The Indian constitution secures the rights of the Scheduled Castes (SC), Scheduled Tribes (ST) and Other Backward Class (OBC) through a caste-based reservation quota, by virtue of which a certain portion of higher-education admissions, public sector jobs, political or legislative representations, are reserved for them. Despite this, there is a notable earning inequality between these social categories and the rest of the population, who consists of no more than 30% to 35% of the Indian population. Adopting a data-driven approach we find that, on average, SC, ST and OBC still earn less than the rest.
While unique, the caste system is not the only source of unfairness. Indeed, it accounts for less than 7% of inequality of opportunity, something that’s in itself laudable. We will need to add criteria such as gender and family background differences to explain 30% of inequality.
In a country where femicides and rapes regularly make headlines, it comes as no surprise that women from marginalised social groups are often subject to a “double disadvantage”. For some states such as Rajasthan (in the country’s northwest), Andhra Pradesh (south), and Maharashtra (centre), we find even upper-caste women enjoy fewer educational opportunities than men from the marginalised SC/ST communities. Even among the graduates, while the national average employment rate for males is 70%, it is below 30% for the females.
Rising inequality could be dismissed as a temporary byproduct of rapid growth on the grounds of Simon Kuznets’ famous hypothesis, according to which inequality rises with rapid growth before eventually subsiding. However, there is no guarantee of this, least of all because the widening gap between rich and poor is not only limited to fast-growing countries such as India. Indeed, a 2019 study found that the growth-inequality relationship often reflects inequality of opportunity and prospects of growth are relatively dim for economies with a bumpy distribution of opportunities.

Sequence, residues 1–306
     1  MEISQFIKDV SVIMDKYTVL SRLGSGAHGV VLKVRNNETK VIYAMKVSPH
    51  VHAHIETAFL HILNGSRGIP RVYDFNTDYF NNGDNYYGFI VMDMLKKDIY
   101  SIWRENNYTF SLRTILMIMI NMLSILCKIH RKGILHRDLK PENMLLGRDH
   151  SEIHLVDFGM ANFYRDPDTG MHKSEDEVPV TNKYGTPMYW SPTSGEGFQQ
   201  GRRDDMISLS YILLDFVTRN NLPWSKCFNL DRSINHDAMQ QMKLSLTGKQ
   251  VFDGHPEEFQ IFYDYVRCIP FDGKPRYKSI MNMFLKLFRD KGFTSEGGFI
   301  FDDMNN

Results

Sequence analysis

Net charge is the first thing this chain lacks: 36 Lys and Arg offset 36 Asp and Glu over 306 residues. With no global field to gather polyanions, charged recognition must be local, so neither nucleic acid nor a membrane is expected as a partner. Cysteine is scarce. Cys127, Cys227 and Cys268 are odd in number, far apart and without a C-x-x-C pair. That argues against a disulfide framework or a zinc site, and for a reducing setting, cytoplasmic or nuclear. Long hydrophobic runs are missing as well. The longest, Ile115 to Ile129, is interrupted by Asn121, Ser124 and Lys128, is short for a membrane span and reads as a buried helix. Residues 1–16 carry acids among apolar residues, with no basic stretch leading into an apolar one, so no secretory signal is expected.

Despite sporadic evidence of converging caste or gender gaps, our research shows an intricate web of social hierarchy has been cast over every aspect of life in India. It is true that some deprived castes may withdraw from school early to explore traditional jobs available to their caste-based networks – thereby limiting their opportunities. However, are they responsible for such choices or it is the precariousness of the Indian economy that pushes them down such routes? There is no straightforward answer to these questions, even if some of the “bad choices” that individuals make can result more from pressure than choice.
Given the complicated intertwining of various forms of hierarchy in India, broad policies targeting inequality may have less success than anticipated. Dozens of factors other than caste, gender or family background feed into inequality, including home sanitation, school facilities, domestic violence, access to basic infrastructures such as electricity, water or healthcare, crime rates, political stability of the locality, environmental risks and many more.
Better data would allow researchers studying India to capture the contours of its society and also help gauge the effectiveness of policies intended to expand opportunities for the neediest.